Many of the tasks that we spend attention on are mindless. Answering emails, making calls, communicating on IM, reading blog posts, doodling in meetings, watching videos, posting on social media.
Cal Newport calls these shallow tasks. Shallow because they require little focused effort and we switch between them quickly. We may feel productive when we’re performing them, but what have we actually produced once we’ve finished?
Our old nemesis multi-tasking plays a crucial role in allowing us to switch between these shallow tasks quickly. Unfortunately, the majority of us (98%) can’t effectively multitask. For most, multi-tasking is a case of performing two tasks poorly, at the same time. And if that doesn’t concern you, then this should: multi-tasking can cause us to lose IQ points- each day!
I am as much a victim of multi-tasking as the next person. I wasn’t always like this, though. I used to have much better focus throughout the day, on both personal and professional tasks. If I was having a conversation with someone I was 100% actively listening. If I was writing a scope of works, I’d have my instant messenger on Do Not Disturb, my email off and my headphones on. I could focus.
However over the last 6 months or so I have let these habits slide. And unsurprisingly, I’ve landed in an increasingly deep pit of multi-tasking and shallow work despair. I was“busy” in the sense that I was performing hundreds of shallow tasks a day, but I in no way felt like that busyness was producing quality output.
A wealth of information creates a poverty of attention. - Herbert Simon
Enter the Art of Focus
By chance, I recently signed up to a weekly newsletter from an awesome blog called Farnam Street. Its founder, Shane Parrish, describes it as a place to make better decisions, create new ideas, and avoid stupid errors. This description belies the insightful and useful writing that lies within. Perhaps this one is better:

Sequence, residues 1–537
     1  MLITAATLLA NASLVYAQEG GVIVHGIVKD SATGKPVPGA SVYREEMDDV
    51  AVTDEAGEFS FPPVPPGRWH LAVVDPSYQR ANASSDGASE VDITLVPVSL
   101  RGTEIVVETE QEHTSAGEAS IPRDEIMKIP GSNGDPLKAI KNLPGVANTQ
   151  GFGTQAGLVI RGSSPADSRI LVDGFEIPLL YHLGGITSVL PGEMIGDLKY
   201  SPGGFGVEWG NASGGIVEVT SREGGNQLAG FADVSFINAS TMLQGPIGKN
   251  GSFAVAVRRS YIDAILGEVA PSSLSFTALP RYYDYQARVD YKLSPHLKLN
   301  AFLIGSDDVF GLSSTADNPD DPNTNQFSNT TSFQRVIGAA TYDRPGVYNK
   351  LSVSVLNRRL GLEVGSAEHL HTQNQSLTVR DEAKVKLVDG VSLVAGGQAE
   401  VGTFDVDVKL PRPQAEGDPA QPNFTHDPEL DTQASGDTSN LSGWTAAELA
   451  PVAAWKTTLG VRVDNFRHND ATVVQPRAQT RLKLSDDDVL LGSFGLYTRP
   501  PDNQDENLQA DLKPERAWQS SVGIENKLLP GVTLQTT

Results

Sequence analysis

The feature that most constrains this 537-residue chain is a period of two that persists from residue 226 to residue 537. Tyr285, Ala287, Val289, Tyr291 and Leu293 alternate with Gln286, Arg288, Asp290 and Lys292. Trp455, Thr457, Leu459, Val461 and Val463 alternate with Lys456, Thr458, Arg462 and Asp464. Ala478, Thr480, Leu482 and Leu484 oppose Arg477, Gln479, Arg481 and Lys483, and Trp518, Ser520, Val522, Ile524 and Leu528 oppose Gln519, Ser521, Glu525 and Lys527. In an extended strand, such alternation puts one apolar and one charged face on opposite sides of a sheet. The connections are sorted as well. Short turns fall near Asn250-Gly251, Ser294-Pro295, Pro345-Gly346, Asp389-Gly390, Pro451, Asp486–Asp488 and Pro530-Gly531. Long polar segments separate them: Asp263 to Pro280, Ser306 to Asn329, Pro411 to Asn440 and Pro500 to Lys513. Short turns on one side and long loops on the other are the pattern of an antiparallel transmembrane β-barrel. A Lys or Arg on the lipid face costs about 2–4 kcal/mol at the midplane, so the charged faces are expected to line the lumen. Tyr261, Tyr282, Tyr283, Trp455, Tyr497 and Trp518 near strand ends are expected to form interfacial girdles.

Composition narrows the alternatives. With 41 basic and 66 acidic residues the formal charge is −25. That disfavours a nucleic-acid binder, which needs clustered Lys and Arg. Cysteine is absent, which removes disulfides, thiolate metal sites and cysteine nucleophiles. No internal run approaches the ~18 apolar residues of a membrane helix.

The best newsletter on the internet.
Fandom aside, as I was reading through last week’s newsletter, I stumbled onto a course that Shane has produced, called the Art of Focus. Sold!
Below are two of Shane’s tips from the course that most resonated with me. The course is chock full of insights and actionable strategies. I highly recommend it.
Shallow vs deep work
Shallow work is the majority of what we do each day, at work. If you’ve ever felt like a pinball, bouncing (or lurching) between tasks one after another, that’s shallow work.
We want to minimise shallow work for it’s older, and far wiser sibling: deep work. Deep work is rarer than shallow work. Deep work is dedicating attention to one task, at the exclusion of all others. It’s getting into the flow. And it’s where we produce our best work.
How often do you find yourself performing 'deep work'? Image via the Art of Focus
In order to manage our attention effectively, we firstly need to identify when we’re producing shallow work. So that we can better manage our attention and divert more resources towards deep work. Shane gives some great tips on how to achieve this in the course.
This one really resonated with me, since deliberate practice is a critical skill for both learning and developing a growth mindset. Deliberate practice is focusing on a specific domain to improve performance. It requires:
- A specific domain or skill to focus on
- Immediate feedback (ideally from a coach or mentor)
- Rest (to consolidate memory and give our brains a break)
Deliberate practice can be used to practice focus. You could start by setting aside 30mins each day to focus on one specific skill or domain. I chose to focus the time I spend on the bus on reading real physical books (old-school!). Whereas I used to flick between reading blog posts, listening to podcasts and social media, now I’m 100% focused on one task. And I feel more content and relaxed as a result.
I feel that the benefits from this daily focus practice are spilling over into the rest of my life. I’m more aware of distractions during the work day, and more actively set boundaries to protect my attention.
In fact, this post was written in 1 hour of focused attention – a first for me.
For more on multi-tasking check out: